Recently, the IRS started returning 10,000 employees to do mission-critical work. Unfortunately, for many business leaders, their mission critical work is making money to survive. Truly, it can’t come soon enough. Others fear for the safety of their workers and will proceed very cautiously. Though opinions on timing vary widely, the question remains—is your office ready for the return post COVID-19?
Now that we have adjusted to the WFH routine of conference calls, tuning out distractions and swapping PJ’s for sweats, the time has come to start planning the return to the office.
As with any change in the business environment, there will be costs and opportunities. You may need to adjust work schedules and provide hygiene safety procedures and supplies. But while the office is still empty, take advantage of a rare opportunity to make changes that will permanently improve efficiency, collaboration and revenue generation.
With planning and proactive preparation, the return can be smooth. Yes, uncertainty still reigns. But having a plan will help workers return not only feeling safe, but confident in the future of the organization and working at full speed for customers.
The Office is About to Change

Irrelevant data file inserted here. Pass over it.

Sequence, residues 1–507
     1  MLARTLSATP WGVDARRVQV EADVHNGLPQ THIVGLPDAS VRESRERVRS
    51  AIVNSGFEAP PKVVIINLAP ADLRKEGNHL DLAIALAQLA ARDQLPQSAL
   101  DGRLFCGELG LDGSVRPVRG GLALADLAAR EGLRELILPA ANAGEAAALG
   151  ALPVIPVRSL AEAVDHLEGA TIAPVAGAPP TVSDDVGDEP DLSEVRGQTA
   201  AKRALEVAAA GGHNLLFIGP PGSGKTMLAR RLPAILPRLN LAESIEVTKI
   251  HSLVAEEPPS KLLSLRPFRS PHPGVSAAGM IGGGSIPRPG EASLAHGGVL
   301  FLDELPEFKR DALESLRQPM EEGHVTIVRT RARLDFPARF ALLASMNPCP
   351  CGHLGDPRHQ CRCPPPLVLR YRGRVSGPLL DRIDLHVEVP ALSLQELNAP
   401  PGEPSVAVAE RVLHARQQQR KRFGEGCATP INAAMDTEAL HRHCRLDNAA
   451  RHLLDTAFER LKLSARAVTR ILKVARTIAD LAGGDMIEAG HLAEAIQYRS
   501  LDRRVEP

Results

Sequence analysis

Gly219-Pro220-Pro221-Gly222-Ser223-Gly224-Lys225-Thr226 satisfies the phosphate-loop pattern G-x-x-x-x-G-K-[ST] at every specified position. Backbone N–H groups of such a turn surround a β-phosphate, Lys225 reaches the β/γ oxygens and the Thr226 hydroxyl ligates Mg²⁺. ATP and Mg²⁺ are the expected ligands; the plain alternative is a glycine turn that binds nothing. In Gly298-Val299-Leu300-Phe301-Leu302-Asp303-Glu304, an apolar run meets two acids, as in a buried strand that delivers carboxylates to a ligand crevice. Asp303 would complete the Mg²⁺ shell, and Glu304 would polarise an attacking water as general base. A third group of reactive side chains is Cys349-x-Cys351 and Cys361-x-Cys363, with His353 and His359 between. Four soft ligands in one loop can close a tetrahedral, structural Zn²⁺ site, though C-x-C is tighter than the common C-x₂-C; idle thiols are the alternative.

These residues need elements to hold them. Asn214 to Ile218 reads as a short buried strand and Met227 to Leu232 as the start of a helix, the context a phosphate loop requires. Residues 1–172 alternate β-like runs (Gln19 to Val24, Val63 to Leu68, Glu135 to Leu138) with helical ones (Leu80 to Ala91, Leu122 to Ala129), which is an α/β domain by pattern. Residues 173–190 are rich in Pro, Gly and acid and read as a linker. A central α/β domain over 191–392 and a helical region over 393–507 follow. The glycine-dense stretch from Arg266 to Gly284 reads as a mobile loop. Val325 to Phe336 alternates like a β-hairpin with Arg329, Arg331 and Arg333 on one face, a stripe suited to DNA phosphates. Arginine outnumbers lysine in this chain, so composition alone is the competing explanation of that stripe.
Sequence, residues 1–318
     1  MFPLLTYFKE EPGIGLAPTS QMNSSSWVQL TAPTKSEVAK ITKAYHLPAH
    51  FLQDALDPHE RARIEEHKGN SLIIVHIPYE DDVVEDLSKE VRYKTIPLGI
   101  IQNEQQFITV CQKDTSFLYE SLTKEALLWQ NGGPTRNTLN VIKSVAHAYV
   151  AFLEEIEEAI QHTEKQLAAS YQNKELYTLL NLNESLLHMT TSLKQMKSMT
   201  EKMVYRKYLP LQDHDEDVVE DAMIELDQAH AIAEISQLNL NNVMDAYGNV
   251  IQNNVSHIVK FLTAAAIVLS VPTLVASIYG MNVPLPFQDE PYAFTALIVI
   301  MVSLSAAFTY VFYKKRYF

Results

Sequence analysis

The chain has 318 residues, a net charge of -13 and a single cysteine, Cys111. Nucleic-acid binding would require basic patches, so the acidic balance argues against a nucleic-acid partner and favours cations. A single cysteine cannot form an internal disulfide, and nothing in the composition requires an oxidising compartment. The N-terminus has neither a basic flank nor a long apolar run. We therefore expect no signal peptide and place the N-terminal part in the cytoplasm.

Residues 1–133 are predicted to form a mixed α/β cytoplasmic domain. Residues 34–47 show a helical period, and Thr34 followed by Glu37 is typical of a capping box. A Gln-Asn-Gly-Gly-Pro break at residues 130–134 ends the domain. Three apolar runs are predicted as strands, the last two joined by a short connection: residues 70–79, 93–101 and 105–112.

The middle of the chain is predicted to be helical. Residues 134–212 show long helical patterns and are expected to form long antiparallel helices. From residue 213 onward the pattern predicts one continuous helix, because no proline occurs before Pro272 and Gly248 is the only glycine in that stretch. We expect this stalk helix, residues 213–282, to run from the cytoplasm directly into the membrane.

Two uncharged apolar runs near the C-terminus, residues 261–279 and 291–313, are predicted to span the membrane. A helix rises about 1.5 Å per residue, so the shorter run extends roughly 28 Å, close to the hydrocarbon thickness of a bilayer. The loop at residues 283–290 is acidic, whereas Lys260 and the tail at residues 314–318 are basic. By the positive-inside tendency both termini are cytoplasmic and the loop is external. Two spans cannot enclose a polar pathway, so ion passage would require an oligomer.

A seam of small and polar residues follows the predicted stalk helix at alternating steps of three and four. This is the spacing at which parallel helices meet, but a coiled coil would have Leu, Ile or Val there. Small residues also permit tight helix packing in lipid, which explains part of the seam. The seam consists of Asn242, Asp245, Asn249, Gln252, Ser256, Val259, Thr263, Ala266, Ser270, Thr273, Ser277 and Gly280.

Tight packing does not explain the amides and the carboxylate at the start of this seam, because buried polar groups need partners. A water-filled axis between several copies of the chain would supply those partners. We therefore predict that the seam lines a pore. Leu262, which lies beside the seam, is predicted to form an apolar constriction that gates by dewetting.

When employees return to the office for work, those spaces may appear quite different. Among the changes planned at some large organizations, plexiglass partitions, one-way walkways, thermal cameras to check temperatures, staggered desks and sectioned-off offices stand out as the most visible to employees.
Worried about safety, some plan to institute health questions and apps to track employee movement and interactions around the office. However, not every company has the resources to drastically reconfigure their office space and people. Those who can, may continue WFH policies to counter the push for over-the-top employee surveillance and morning health checks.
Long-term, WFH will affect the shape of cities, traffic, commercial real estate, and corporate culture. For example, high-rise buildings present real problems for employees trying to maintain social distancing. Just getting people to the 40th floor two or three at a time in the elevators could take much longer.
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